Sauvignon Blanc, Alsace
Yarra Valley, Adelaide Hills, Margaret River, Orange in New South Wales and Tasmania are all regions which produce wonderful examples of Sauvignon Blanc. The coolest vintages have “grassy”, gooseberry characters, whereas, warmer vintages show more passionfruit flavour, but still with the trademark zingy acidity. In Margaret River, Sauvignon Blanc is often blended with Semillon, this creates a perfect partnership and a fuller style of wine. In New Zealand, Cloudy Bay in the 1980s began producing stunning Sauvignon Blanc wines with extraordinarily intense nettly, gooseberry, and asparagus fruit, that set Marlborough firmly on the world wine map. Today Sauvignon Blanc is now New Zealand's trademark grape.
Sauvignon Blanc is an important white grape in France, especially Bordeaux and the Loire Valley. It thrives on the gravelly soils of Bordeaux, where it is blended with Sémillon to produce Bordeaux Blancs and Cru Classé White Graves. Elsewhere in Bordeaux, it is also blended with Sémillon, to produce the amazing dessert wines of Sauternes. In the Loire Valley and particularly on the chalky soils found in Sancerre and Pouilly-Fumé. The wines produced are very different to New World equivalents, they tend to be less pungent, more restrained, mineral with smoky, gunflint notes.
After initial problems, it is now grown very successfully in Chile. The wines are almost halfway between the Loire and New Zealand in terms of fruit character.
The Alsace wine region is in the north-east of France and borders Germany. Although the region only accounts for 2% of France's vineyards it is responsible for producing some of the worlds finest white wines. Perhaps because of its Germanic influence, it is the only Appellation d'Origine Contrôlée region in France to produce mostly varietally labelled wines. In other words it is the only region in France where you're likely to see Pinot Gris, or Riesling denoted on the wine label. Another interesting note is that the region is the birthplace of biodynamic viticulture and the region still has the country's highest proportion of biodynamic producers.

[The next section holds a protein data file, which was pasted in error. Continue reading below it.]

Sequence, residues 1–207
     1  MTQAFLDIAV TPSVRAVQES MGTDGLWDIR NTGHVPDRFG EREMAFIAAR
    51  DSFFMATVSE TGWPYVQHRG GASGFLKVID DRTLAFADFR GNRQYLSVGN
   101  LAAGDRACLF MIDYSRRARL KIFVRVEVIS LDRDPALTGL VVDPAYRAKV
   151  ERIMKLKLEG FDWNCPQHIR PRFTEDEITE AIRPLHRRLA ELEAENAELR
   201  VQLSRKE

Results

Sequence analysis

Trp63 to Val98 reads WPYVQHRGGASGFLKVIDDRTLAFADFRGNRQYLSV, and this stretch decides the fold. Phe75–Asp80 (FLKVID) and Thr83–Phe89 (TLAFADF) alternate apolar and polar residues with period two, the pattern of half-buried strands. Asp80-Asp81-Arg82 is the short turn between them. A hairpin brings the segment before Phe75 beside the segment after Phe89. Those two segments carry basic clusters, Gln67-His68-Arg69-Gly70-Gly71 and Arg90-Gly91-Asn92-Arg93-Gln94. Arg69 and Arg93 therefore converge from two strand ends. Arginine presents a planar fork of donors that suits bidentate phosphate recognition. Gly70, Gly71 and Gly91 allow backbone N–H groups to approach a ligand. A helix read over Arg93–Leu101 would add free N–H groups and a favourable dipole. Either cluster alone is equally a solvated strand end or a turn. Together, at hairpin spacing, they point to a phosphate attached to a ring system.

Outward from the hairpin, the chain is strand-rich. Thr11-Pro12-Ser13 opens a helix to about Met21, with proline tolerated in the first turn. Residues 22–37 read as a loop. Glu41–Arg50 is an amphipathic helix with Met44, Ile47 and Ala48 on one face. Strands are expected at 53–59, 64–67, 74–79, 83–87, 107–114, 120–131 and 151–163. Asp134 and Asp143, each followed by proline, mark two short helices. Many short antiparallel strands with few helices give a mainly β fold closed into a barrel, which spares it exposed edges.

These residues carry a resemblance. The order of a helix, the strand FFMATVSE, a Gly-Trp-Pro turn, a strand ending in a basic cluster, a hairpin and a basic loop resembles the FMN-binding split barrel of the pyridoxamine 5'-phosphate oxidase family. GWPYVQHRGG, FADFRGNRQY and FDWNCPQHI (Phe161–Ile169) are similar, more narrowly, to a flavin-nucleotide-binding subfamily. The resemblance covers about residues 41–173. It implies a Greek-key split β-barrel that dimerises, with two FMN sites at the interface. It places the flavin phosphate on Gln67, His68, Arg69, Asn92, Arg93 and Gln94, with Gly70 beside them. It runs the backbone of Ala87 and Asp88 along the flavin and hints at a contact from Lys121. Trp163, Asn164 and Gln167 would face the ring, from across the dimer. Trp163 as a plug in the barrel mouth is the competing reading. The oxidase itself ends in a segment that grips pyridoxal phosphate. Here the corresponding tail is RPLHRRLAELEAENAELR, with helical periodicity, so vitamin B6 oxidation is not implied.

Alsace gets plenty of sunshine hours, with a deep continental climate and superb meso-climate created by the sheltering presence of the Vosges Mountains. This allows the full spectrum of aromatic flavours to show in the grapes. The soils are quite diverse, with 13 different soil types in all.
The noble grapes of Alsace are Riesling, Gewurztraminer, Pinot Gris, Pinot Blanc, Sylvaner, Muscat Ottonel and Muscat d'Alsace in the whites, and Pinot Noir in the reds. Recent decades have seen an increase in Riesling, Pinot Gris and Pinot Noir plantings, while the classical Sylvaner grape is on the decline.
Wines are produced under three different appelations or AOCs:
- - Alsace AOC: must be made from one of the 8 permitted grape varieties in the appellation (white, rosé and red wines)
- - Alsace Grand Cru: Introduced in 1983, currently recognising 50 Grand Cru sites. It is the pinnacle of Alsace, where topography, aspect and soil type must be in harmony along with a track record of producing excellent wines.
- - Crémant d'Alsace: Appelation for sparkling wines, that can be both dry or sweet.
High quality liquers and spirits are also made in Alsace by producers such as Bertrand and Vedrenne.
**THIS ONLINE TASTING IS OVER**
This pack contains a bottle of 12 different wines to be opened during a series of 4 online tastings held throughout late August and early September 2020.
Across 4 weeks we will ... Learn More